If you feel like the length of our collective fuse seems to be shortening by the day, there may be a reason. Psychiatrists studying the societal impact of the pandemic believe the high volume of anxiety, sadness and loss is injecting our day-to-day with more irritability than is typical.
It certainly makes sense. However, even though our apparent erosion of patience is not surprising, it’s still unsettling. And, it needs to change if we’re going to fully recover from one of the most stressful years of all time.
What does change look like? For one, we need to try harder to see the best, not the worst, in people. And, we need to give the benefit of the doubt more often. It may come down to each of us coming to terms with the fact that our way is not the only way and that compromise is the key ingredient to progress. Overall, change looks a lot like an investment in personal relationships.
In an ideal society, one that values community over individuality, people would support each other in taking a step back – or a cleansing breath – before unloading their frustrations.
Of course, living our digital-first lifestyles isn’t helping matters. Many of the platforms that were designed to bring people together by forging connections have, in fact, done the opposite. Hitting send without thinking (or feeling) is something that’s way too easy to do in our always-on, always-connected society. I’m as guilty as the next person of firing off cannons in a Tweet, text or email.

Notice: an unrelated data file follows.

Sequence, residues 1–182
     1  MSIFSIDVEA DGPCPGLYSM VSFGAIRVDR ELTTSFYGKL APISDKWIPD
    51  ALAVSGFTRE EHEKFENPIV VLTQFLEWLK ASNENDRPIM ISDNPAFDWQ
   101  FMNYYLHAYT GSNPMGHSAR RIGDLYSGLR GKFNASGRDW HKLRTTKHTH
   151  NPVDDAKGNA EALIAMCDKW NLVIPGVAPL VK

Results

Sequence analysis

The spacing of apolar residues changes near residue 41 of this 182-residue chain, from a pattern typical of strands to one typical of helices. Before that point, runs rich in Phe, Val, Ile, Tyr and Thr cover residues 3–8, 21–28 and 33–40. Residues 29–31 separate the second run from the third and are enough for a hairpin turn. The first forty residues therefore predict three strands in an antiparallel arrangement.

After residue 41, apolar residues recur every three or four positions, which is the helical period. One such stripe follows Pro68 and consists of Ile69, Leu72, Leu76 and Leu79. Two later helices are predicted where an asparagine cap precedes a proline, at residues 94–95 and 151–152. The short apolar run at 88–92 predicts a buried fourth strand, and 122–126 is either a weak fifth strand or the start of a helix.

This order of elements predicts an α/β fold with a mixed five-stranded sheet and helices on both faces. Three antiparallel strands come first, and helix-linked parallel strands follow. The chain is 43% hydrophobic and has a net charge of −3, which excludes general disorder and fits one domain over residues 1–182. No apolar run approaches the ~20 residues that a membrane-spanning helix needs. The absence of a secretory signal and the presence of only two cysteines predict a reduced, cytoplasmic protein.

Because I’m not proud of this behavior, I’ve made a conscious effort to be more aware of the temptation to vent and to be more intentional about doing something more productive. I’ve figured out that my urge to respond to bad news with a bad tone comes mainly when I’m feeling misunderstood.
It’s not too much of a stretch to imagine the person on the other end will feel the same when they read my rant. Text-based tirades flying back and forth rarely lead to harmony. So, this year, I’m going to take deliberate steps toward investing in personal relationships. I will ask more questions. I’ll assume the best. I’ll give people a chance to voice their intentions rather than a project status.
I expect it to pay big dividends.
That’s because Bank Iowa, like many people-centered businesses looking out at the horizon, is going through a rapid transformation to exceed new and shifting expectations. The ultimate success of our audacious plans for new products, enhanced experiences and improved give-back programs hinges on collaboration. And collaboration, as we all know, calls for patience, empathy and active listening. It calls for a strategic investment in personal relationships.
Mark K. Phillips is vice president of treasury management services for Bank Iowa, Iowa’s second largest family-owned financial institution. He can be reached at firstname.lastname@example.org. To learn more, visit bankiowa.bank. Member FDIC.